400 g forced rhubarb stalks, washed and cut into 5 cm chunks
50 g coconut sugar


1. Preheat the oven to 180°C (350°F, gas mark 4). Place the rhubarb on a shallow baking tray and sprinkle with the coconut sugar. Toss to combine. Cover the tray with foil and place in the preheated oven for 20 minutes, giving the tray a few gentle shakes half way through the cooking time to prevent sticking. Remove from the oven and leave to cool to room temperature. Once cool, push the rhubarb and any juices through a fine sieve or muslin cloth and retain the strained liquid.

2. Meanwhile, if using dried rose petals, pour the coconut milk, coconut cream and maple syrup into a saucepan. Add the dried rose petals and place the pan over a gentle heat and slowly bring to a simmer, stirring frequently. As soon as the mixture reaches a simmer, remove from the heat and set to one side to cool to room temperature. Once cool, strain the liquid through a fine sieve or a muslin cloth and discard the rose petals. If using rose extract, simply whisk together the coconut milk, coconut cream, maple syrup and rose extract.

3. Combine a couple of tablespoons of the rose infused liquid with the arrowroot and stir into a smooth paste. Whisk this paste back into the mixture. Add the strained rhubarb liquid and whisk to combine. Refrigerate this mixture for at least 30 minutes.

4. Pour the chilled ice cream mixture into an ice cream maker, and churn. Once it has set, tip the ice cream out into a freezer proof container. Cover the container with a lid and freeze for at least 4 hours. Remove the ice cream from the freezer and leave to stand at room temperature for 15 minutes before serving.

Categories: dairy free, gluten free, vegan

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20 replies

  1. It’s good to know that the NHS had the courage to impose a sugar tax. I’m a label reader and am always shocked by the amount of sugar in products on the supermarket shelves.
    Here’s an example. I’ve been making my own mayo for 35 years and the recipe doesn’t call for sugar. The other day, out of interest, I looked at the ingredients in a squeeze bottle of no-fat mayo. The first ingredient was water and the second was sugar!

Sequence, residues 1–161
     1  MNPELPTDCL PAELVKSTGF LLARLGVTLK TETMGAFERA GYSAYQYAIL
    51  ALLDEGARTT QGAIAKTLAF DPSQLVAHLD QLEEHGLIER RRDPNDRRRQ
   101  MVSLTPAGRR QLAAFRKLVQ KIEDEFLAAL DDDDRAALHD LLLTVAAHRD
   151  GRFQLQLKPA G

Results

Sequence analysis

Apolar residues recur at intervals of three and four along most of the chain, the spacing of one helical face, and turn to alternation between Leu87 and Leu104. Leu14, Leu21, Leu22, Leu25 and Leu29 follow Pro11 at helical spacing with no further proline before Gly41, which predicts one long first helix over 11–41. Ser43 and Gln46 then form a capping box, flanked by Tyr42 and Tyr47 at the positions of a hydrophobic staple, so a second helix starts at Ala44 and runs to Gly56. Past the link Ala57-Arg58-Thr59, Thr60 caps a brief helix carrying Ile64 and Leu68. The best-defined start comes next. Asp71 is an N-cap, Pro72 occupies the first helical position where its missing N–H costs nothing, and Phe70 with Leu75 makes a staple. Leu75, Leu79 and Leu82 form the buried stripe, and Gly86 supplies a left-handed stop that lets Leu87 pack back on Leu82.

The only positive aspect in Australia is that if a product is sweetened, it does use sugar rather than the various sugars in disguise such as high fructose corn syrup.

  2. Very interesting post. ‘No fat’ on labels usually indicates added sugar, so I’m not surprised that commercial mayonnaise includes it. Like you, I make my own, and that way I know exactly what’s in it and where it comes from. Your ice cream looks delicious – love, love the flavours. Unfortunately it will be a while before we see any local rhubarb, but I do have stacks of it in the freezer.

  3. On good thing about being a traditional Indian home is that there are few processed foods in my home. Sadly, however, sugar reigns supreme. I have been switching to jaggery. Also, trying to go back to the traditional cooking methods.

  4. Great article and recipe 😃

  5. Beautiful and what a delightful combination of flavors!! It is really sad what huge corporations/governments are doing all around the world in terms of our nutritional benefits. I have 3 kids and I make it my priority to feed them a vegetarian low processed diet and teach them about it now so they don’t have to be so confused at adults with all the misinformation out there. Thank you for sharing!

  6. This looks and sounds delicious. No rhubarb from our plot yet but I have seen forced rhubarb in the supermarket. Can I ask – is the coconut milk the tinned variety or the sort you can now buy in cartons or would they be interchangeable?

    • Hi Ann Jenny. I used tinned organic coconut milk, which contains just coconut and water and provides a thick and creamy base. I am afraid I’m not familiar with the carton variety so I don’t know how it compares in terms of ingredients or consistency, but provided the label doesn’t indicate anything untoward it would be worth giving it a try 🙂

      • Thank you Steve. The carton variety does list stabilisers and flavouring amongst its ingredients, so the tinned sort sounds much more wholesome.